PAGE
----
Victoria sponge
  • 200 g each of self raising flour, caster sugar, and unsalted butter, softened

  • 4 medium eggs, beaten

  • 1 tsp baking powder

  • 3 tbsp milk

  • 150 g unsalted butter, softened

  • 210 g icing sugar, sifted

  • ½ tsp vanilla extract

  • Jar of good quality seeded jam

  • 1 kg packet of ready to roll white icing

  • Yellow and red food colouring

  • Apricot jam, boiled (optional)

  • 2 cocktail sticks

Step 2: Icing

Achieving the brain colour is one of the most difficult parts of making the brain cake. Good quality food colouring makes this easier.


Fig 2 Start with 1 kg of white fondant icing and divide into two halves


Fig 3 Add 2 teaspoons of yellow colouring; knead well to give an even colour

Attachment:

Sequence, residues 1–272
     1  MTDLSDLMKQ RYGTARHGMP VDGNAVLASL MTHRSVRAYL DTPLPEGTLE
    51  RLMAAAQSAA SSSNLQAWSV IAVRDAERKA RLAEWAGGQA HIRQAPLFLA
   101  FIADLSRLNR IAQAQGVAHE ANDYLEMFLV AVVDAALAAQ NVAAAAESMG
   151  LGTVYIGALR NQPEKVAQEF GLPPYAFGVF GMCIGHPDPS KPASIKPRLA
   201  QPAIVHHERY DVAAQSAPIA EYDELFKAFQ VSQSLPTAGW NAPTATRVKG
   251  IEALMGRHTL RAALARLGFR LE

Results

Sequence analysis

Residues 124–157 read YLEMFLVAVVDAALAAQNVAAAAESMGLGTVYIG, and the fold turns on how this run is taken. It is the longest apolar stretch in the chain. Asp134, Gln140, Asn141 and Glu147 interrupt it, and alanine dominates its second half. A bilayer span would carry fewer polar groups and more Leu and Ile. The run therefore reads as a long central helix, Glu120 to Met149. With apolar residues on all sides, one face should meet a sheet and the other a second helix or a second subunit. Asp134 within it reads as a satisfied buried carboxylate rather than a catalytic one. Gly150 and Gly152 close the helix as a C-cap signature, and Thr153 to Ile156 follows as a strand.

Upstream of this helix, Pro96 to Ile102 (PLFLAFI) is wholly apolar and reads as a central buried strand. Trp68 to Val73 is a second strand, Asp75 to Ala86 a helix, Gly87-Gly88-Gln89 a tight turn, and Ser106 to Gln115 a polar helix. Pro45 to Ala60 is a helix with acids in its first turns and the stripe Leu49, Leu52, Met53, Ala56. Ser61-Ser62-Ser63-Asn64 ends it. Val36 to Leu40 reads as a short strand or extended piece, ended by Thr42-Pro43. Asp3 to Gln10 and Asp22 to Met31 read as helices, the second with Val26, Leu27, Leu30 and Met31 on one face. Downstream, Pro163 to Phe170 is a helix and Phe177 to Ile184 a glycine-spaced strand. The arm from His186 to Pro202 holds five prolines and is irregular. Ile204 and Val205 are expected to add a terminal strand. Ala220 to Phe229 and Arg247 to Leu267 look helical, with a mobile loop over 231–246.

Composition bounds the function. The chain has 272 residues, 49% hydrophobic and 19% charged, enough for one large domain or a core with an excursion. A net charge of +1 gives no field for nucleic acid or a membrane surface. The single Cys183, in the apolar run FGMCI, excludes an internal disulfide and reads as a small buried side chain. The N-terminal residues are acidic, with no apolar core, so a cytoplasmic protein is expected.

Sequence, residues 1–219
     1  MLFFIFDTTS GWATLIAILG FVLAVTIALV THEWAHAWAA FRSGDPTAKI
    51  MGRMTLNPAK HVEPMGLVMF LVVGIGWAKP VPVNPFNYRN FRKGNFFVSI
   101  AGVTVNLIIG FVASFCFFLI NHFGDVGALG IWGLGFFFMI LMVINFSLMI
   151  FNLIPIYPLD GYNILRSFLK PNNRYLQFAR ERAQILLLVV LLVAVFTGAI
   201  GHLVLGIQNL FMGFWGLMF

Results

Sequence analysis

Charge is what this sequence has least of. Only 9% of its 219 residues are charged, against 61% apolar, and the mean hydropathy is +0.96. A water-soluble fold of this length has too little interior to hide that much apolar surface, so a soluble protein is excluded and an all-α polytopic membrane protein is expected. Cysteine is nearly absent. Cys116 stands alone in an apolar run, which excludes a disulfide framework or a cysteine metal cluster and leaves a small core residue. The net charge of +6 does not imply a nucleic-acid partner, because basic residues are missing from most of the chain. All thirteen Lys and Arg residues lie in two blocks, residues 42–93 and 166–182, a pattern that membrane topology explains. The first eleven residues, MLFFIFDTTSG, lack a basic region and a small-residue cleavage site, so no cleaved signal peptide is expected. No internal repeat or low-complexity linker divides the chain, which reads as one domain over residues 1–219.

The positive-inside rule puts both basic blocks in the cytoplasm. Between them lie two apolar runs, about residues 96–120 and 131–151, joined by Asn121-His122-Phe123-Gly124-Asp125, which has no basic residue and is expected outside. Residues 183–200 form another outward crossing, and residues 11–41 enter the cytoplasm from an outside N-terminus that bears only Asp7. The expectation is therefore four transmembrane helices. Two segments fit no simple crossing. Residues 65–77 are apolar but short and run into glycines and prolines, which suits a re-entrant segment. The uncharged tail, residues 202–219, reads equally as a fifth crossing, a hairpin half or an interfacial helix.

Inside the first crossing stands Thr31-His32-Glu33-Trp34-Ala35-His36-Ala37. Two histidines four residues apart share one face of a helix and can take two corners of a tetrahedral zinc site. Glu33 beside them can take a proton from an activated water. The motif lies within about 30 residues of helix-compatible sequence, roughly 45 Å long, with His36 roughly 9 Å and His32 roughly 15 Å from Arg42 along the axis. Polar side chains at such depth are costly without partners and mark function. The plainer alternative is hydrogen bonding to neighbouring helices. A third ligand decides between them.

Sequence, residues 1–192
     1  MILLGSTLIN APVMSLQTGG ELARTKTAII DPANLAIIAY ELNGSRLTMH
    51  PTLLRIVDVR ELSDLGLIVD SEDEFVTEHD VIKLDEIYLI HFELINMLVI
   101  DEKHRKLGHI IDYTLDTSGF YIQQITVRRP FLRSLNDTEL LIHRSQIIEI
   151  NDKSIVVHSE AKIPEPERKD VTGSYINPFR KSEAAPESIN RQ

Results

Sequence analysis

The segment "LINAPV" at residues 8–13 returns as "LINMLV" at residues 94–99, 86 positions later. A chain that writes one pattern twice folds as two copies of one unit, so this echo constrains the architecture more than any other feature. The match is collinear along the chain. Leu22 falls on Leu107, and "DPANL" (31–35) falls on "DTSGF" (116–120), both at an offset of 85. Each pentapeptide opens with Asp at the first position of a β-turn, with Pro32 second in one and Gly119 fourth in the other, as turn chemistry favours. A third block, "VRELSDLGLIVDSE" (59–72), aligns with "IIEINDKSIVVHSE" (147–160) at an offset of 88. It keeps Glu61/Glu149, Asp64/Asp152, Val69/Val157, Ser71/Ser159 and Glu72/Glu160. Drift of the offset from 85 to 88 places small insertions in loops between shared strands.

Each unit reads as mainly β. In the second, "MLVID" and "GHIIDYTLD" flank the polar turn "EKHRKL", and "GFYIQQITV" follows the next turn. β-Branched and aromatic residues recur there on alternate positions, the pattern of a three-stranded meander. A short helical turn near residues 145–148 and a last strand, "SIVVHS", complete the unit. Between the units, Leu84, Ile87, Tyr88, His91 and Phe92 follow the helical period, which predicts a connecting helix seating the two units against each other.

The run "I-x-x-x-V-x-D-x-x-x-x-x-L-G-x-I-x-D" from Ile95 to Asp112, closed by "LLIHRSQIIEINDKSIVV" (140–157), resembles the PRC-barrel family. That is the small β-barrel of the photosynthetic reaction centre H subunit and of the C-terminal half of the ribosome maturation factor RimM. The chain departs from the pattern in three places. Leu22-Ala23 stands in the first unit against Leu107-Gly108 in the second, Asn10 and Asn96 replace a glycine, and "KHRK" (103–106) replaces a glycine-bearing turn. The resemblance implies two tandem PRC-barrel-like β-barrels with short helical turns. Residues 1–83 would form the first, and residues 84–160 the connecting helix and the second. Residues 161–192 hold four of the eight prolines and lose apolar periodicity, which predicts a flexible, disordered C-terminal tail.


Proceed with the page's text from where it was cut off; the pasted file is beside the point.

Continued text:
Fig 4 Add 1 teaspoon of red colouring; knead well


Fig 5 Knead in excess fondant icing once colour has been achieved.

Dividing the fondant into two halves at the beginning means you can dilute the intensity of the colour or start again if it goes disastrously wrong. Use the best colour for the top layer of icing: the gyri.

Step 3: Brain substance

For the butter icing, put the butter, icing sugar, and vanilla extract into a mixing bowl. Use a wide paddled whisk to achieve a smooth consistency.

Once both sponges are completely cooled, spread a layer of butter icing on top of one with a palate knife. Next, spread a thin layer of jam.


Place the second sponge on top of the base sponge. Apply a layer of butter icing and jam to the top of the cake.

Step 4: Hemispheres